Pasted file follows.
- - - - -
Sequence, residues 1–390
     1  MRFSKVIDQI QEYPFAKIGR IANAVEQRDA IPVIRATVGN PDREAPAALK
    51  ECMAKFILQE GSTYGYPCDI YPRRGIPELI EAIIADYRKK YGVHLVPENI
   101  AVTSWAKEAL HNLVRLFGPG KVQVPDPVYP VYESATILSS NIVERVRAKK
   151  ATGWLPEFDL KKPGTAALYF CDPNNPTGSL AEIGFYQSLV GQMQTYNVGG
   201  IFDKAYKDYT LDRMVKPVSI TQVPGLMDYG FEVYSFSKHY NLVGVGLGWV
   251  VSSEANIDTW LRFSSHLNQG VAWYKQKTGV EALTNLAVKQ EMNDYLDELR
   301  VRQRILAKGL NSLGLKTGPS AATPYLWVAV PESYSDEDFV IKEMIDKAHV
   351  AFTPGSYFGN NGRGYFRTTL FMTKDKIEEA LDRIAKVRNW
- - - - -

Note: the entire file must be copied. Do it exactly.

Sequence, residues 1–390
     1  MRFSKVIDQI QEYPFAKIGR IANAVEQRDA IPVIRATVGN PDREAPAALK
    51  ECMAKFILQE GSTYGYPCDI YPRRGIPELI EAIIADYRKK YGVHLVPENI
   101  AVTSWAKEAL HNLVRLFGPG KVQVPDPVYP VYESATILSS NIVERVRAKK
   151  ATGWLPEFDL KKPGTAALYF CDPNNPTGSL AEIGFYQSLV GQMQTYNVGG
   201  IFDKAYKDYT LDRMVKPVSI TQVPGLMDYG FEVYSFSKHY NLVGVGLGWV
   251  VSSEANIDTW LRFSSHLNQG VAWYKQKTGV EALTNLAVKQ EMNDYLDELR
   301  VRQRILAKGL NSLGLKTGPS AATPYLWVAV PESYSDEDFV IKEMIDKAHV
   351  AFTPGSYFGN NGRGYFRTTL FMTKDKIEEA LDRIAKVRNW